A woman who was in a crash five years ago that killed three people said she suffered emotional distress from being at the scene and feels “useless” due to chronic injuries that she claims are a result of the crash.
Anna Mitchell, an Aladdin resident, is suing Powder River Transportation for punitive damages. It was one of the company’s buses that plowed into a line of cars stopped for construction on Highway 59 the morning of May 14, 2014.
Mitchell testified Thursday, saying the crash took her quality of life.
Before the crash, she would hike, ride horses, go hunting and take part in brandings. Now, she said she can’t walk 70 steps without having to stop.
Today, Mitchell said she doesn’t like driving alone and she looks in her rearview mirror a lot. She said she notices that cars drive by “so fast” on the highway. Before the crash, she never gave it a second thought.
She also has had recurring nightmares of the crash.
“I think I’ve had one good night’s sleep since the wreck,” Mitchell said, adding she doesn’t think things will get any better. “I’m worried it’s going to get worse. I don’t see me coming out of it.”
On the day of the crash, Mitchell said she dozed off a few times while riding in the bus and each time she woke up, she saw driver Rhonda Steel looking down at her lap.
Mitchell remembers waking up and seeing that the bus was eight car lengths away from the stopped vehicles.
“I thought, ‘Oh my God, we’re not going to stop in time,’” she said.
Mitchell explained how she was slammed back and forth in her seat as the bus hit car after car.
She said the resulting headaches, which would put her out for the whole day, felt “like someone hit me with a shovel in the forehead. I never had headaches like this before.”
A week after the bus crash, Mitchell went to the Walk-In Clinic in Gillette to get permission to go back to work. The clinic’s report said she did not complain of neck pain then. Mitchell said she wanted to get back to work, “didn’t want to make a big deal out of” her injuries and hoped that she would get better.
But when she started working again, Mitchell said she was nervous, couldn’t focus on her job and worried that she would hurt herself or someone else, so she quit.
After her first surgery in 2015, Mitchell got a job as a wash bay technician, a position she had worked in before the crash.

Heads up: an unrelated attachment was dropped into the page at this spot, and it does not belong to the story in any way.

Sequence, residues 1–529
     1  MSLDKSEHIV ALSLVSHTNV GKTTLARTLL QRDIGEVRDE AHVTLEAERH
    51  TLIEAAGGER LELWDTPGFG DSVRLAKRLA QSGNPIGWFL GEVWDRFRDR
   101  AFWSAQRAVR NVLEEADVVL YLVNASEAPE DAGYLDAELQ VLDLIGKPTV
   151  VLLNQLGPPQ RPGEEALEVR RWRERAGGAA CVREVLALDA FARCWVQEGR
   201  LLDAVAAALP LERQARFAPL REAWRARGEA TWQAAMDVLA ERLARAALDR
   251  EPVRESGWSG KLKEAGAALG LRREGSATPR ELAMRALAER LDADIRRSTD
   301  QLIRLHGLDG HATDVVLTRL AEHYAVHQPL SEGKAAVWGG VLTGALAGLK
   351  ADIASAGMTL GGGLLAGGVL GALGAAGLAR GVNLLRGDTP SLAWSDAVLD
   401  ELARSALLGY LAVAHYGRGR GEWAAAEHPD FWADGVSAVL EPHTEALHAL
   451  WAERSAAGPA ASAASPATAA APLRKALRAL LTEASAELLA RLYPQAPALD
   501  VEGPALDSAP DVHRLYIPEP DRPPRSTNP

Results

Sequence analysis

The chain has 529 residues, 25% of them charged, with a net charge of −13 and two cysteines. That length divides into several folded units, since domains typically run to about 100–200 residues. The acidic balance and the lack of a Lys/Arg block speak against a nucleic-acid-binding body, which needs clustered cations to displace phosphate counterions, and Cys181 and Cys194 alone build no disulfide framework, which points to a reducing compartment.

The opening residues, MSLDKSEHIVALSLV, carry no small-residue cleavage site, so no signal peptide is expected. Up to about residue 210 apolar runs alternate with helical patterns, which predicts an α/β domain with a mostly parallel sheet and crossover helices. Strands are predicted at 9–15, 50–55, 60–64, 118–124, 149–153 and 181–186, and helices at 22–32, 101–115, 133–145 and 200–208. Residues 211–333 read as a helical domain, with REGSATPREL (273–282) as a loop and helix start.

She said her back started hurting the first day. Before the crash, she could wash down a truck in an hour and 10 minutes, but after it took her two hours.
Mitchell said she wanted to quit the job after four months because of the pain, “but it was nice to have that extra check.” She was laid off eight months after she started and hasn’t worked since.
“It just hurts. I loved my job,” she said. “I feel so useless. I can’t carry my weight anymore.”
She said she has nightmares of the crash every night that wake her up at 12:30 or 1 a.m.
“It’s a memory that doesn’t leave,” she said.
Defense attorney Pat Murphy reviewed some of Mitchell’s medical records, which showed she had a history of lower back pain years before the crash.
Mitchell also had counseling sessions to help with nightmares at the beginning of 2015, and after a few months the counselor wrote that she was sleeping well and having few, if any, nightmares.
Thursday, however, Mitchell said she was having nightmares every night.
“What’s the truth?” Murphy asked.
“This is written, so it must be right,” Mitchell said about the counselor’s notes.
Murphy then asked why Mitchell hadn’t sought counseling in four years if the nightmares were still a problem.
“I’m not nuts,” Mitchell replied.
Mitchell’s family also testified Thursday. Her son, Jake Mitchell, said she had to raise five sons by herself for weeks at a time when her husband was away on work.
“She did everything we all did,” Jake said. “She was tough. I hardly saw her cry.”
Her oldest son, Luke Mitchell, saw her in the emergency room shaking, crying and struggling to keep her train of thought.
“I never saw her in that mental state,” he said. “That’s what worried me.”
Mitchell’s sister-in-law, Brenda Snyder, called Mitchell “the toughest woman I’ve ever been around.”
Before the crash, Mitchell never went to a doctor for pain, Snyder said, and when she went to a chiropractor, it was for an adjustment.
“Nothing would keep Anna down,” she said. “She had work to do.”
The civil trial continues Friday.